A George III pair-cased engraved silver and tortoiseshell quarter-striking and repeating clock watch with alarm
Markwick Markham & Recordon, Movement by Thomas Grignon, London, No.2035. Case with hallmarks for James Reasey, London, 1808.
The silver case with foliate pierced and engraved borders and engraved with a stylised garter to the rear, hallmarks for James Reasey, London 1808, fitted with a bell, the piqué-studded brown tortoiseshell outer case resting on a folding four-legged stand and with circular plaque to the rear inscribed with symbols to the appropriate winding squares Watch, Alarum and Strike, also inscribed All the parts wind to the left, the white enamel dial signed RECORDON LONDON, with Roman chapters and Arabic quarters, subsidiary rings for alarm and seconds, gold main hands and blued steel subsidiaries, the movement with chain fusee for the going train and spring barrels for further trains, cylinder escapement, foliate pierced and engraved bridge set into engine-turned cover plate, the back plate signed Thomas Grignon London No.2035, the silvered regulation disc with Turkish chapters, signed Markwick Markham No.7218 and RECORDON LONDON on the movement cover plate with sprung release catch, repeat operated by depressing the pendant, strike/silent lever by VII, strike/repeat/alarm via six hammers to inside of bell; together with a rosewood and cut brass inlaid travel/display box, probably made shortly after, box key
4 in. (10 cm.) diameter dial, 8./14 in. (21 cm.) high, handle down on stand, 8./14 in. (21 cm.) high travel box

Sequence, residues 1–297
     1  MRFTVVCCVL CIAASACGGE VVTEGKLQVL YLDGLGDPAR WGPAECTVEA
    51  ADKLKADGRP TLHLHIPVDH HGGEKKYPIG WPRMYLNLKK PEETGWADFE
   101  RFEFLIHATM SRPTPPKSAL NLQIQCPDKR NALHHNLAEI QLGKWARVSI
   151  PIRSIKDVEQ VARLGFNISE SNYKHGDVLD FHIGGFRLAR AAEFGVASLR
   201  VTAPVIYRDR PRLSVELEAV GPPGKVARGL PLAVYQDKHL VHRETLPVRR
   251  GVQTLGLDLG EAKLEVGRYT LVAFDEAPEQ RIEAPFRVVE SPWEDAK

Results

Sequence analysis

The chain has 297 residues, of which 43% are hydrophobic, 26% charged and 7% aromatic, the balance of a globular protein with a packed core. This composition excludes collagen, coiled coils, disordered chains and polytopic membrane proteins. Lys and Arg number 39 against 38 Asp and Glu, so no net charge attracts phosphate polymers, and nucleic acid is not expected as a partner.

Sir Francesco Paolo Tosti (1846-1916), his gift to a friend and thence by descent.
An Italian composer and music teacher, Tosti received most of his music education in his native Ortona, Italy, as well as the conservatory in Naples. After an initial career as singer and voice teacher in 1875 he visited London and stayed in the city. In 1880 he was made singing master to the royal family and in 1894 he joined the Royal Academy of Music as a professor. In 1906 Tosti became a British citizen and was knighted two years later by his friend, Edward VII. He returned to Italy in 1910, spending most of his remaining years in Rome.
Tosti is remembered for his light, expressive songs. His style became very popular during the belle epoque and is often known as salon music. His most famous works are Serenata (lyrics: Cesareo), Addio (lyrics: Rizzelli) and the popular Neapolitan song, Marechiare, the lyrics of which are by the prominent Neapolitan dialect poet, Salvatore di Giacomo.